Hook and Cumbernauld were acknowledged as inspirations, with the building conceived as an attempt to develop ideas from those centres into an urban structure that continued the traditional street as a fully enclosed and indoor space, rather than as separate structures. Kenzo Tange’s metabolist dreams for Tokyo Bay were another strong influence; Tange advocated a move away from radially structured towns and cities to vertebrate-like linear structures. The ‘street’ of the new Irvine Centre was to run beneath a ‘spine’ carrying services, out of which spread ‘rib ducts’ for tenant servicing. Deeper, at ground level, was a cavernous circulatory system of one-way roads, plant rooms, and storage areas — the centre’s vital organs.
Echoing Runcorn and Hook, the centre sprung out from the high ground of the burgh to connect with the elevated railway beyond Friar’s Croft, allowing for a seamless pedestrian walkway between historic town and station. The Magnum, then the largest leisure centre in Europe, was built in the town’s harbourside to help stimulate the eventual stitching up of this linear titan.
‘We were thinking of — still going at high level — we had to go over or under the railway station,’ said Dunlop, ‘and going down to the Magnum, and coming in its gable. That’s why the Magnum is a linear concept.’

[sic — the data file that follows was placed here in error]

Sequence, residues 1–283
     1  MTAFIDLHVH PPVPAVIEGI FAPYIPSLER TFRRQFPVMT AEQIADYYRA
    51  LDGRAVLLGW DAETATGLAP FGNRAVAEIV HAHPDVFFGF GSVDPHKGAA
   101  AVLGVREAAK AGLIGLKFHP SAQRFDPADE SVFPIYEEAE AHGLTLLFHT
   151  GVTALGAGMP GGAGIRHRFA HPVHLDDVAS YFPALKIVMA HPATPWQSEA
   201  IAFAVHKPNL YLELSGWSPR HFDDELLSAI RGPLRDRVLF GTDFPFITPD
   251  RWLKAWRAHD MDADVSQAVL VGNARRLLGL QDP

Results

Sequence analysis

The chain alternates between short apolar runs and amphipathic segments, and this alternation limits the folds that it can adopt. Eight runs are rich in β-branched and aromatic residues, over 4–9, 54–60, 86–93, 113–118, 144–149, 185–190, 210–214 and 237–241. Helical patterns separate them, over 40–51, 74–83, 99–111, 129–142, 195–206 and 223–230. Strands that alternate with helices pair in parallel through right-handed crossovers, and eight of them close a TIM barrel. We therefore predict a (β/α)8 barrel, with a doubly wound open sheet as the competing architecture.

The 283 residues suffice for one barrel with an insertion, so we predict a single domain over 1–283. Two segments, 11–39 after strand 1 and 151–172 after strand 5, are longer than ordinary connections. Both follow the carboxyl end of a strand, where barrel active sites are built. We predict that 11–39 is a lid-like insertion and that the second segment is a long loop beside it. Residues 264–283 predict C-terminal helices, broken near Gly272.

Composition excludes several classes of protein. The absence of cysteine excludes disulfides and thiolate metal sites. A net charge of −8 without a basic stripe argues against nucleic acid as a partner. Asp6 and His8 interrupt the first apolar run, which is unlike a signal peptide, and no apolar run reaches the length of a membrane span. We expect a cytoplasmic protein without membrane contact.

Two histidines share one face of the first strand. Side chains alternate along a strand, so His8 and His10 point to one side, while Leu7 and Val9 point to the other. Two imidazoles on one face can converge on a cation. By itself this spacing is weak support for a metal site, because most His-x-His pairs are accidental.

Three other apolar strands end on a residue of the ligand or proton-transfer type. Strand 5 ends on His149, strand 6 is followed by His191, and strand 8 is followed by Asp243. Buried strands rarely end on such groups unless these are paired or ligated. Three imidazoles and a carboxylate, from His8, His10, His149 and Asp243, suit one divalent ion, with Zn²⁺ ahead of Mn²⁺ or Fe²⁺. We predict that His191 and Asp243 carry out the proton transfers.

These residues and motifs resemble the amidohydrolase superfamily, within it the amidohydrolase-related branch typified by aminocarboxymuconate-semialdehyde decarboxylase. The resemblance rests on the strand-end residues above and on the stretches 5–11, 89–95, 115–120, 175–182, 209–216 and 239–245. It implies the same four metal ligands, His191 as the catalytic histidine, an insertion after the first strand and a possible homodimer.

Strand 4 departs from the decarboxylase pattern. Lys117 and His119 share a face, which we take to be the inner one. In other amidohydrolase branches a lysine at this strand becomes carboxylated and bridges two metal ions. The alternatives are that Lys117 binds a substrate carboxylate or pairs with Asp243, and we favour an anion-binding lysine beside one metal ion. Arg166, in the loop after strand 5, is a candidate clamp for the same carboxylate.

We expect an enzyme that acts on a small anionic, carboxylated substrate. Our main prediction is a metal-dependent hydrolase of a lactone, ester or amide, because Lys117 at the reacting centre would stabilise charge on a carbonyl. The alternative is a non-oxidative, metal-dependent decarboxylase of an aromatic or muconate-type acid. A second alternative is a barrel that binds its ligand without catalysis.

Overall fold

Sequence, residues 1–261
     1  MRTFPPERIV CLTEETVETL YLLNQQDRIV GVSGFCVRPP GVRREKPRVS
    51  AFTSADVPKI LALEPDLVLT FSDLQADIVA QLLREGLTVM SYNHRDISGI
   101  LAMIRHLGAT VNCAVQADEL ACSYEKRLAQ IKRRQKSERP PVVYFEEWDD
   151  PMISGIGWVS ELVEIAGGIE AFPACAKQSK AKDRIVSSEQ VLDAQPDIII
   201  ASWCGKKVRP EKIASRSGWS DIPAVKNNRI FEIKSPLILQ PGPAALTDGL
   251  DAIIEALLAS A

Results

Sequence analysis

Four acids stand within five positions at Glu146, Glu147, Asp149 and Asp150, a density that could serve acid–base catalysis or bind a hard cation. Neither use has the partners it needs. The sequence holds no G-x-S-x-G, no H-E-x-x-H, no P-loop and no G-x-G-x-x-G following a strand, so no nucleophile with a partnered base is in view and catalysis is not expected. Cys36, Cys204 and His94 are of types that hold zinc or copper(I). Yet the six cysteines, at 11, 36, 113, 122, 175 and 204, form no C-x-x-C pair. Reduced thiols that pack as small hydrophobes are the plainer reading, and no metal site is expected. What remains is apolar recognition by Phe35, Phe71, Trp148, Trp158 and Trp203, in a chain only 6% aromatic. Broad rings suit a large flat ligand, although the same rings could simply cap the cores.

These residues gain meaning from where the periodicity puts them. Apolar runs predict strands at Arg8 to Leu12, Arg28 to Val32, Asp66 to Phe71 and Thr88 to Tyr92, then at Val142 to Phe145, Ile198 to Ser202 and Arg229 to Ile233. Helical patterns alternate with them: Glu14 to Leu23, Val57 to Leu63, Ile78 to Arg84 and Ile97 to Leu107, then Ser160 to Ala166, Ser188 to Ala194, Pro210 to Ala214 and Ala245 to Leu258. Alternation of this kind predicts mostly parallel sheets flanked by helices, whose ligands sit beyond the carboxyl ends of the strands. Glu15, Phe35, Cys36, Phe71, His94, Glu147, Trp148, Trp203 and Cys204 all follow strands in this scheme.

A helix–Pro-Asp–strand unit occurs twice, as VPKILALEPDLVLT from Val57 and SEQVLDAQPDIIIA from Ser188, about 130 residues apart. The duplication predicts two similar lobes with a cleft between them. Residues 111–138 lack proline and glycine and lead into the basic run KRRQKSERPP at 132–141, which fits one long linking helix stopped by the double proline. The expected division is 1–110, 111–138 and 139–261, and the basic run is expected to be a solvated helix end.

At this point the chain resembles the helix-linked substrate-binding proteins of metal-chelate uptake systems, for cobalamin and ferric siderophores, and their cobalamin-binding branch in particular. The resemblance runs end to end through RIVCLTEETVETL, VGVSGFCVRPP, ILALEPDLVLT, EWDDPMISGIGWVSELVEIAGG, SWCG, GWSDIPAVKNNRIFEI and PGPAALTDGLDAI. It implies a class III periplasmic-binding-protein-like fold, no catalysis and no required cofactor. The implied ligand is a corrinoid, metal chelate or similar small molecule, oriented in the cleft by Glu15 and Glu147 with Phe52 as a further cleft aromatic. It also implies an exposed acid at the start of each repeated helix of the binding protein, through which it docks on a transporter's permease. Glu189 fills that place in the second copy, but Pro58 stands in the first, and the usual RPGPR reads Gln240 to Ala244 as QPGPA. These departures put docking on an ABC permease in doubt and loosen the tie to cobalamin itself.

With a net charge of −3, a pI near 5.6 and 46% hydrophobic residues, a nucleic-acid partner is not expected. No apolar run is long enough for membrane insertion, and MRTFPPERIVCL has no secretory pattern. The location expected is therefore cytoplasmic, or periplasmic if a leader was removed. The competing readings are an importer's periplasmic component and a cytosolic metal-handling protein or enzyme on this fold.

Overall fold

When Phase 1 opened, the Irvine Centre became the only one of its kind — indeed, one of only a handful of buildings in existence — to span a river. Brightly lit, heated, ventilated, and ultimately air-conditioned, it was state-of-the-art, even experimental. Building regulations were entirely unequipped to deal with a structure of such unorthodox size and function and had to be relaxed by the government. The finishes reflected the changing topography, with dark brown brickwork ‘below-ground’ and white stove-enamelled aluminium panels ‘above’, an effect mirrored in the Magnum to reflect the anticipated coalescence. Inside, a deeply profiled ceiling, pierced by clerestories, expressed the ribbed form of the roof. Flooded with natural light, the mall was adorned with floor and ceiling planters and chunky, vibrant, furniture designed by the Corporation. Phase 1 contained 50 shop units totalling 250,000 square feet and 1,200 parking spaces.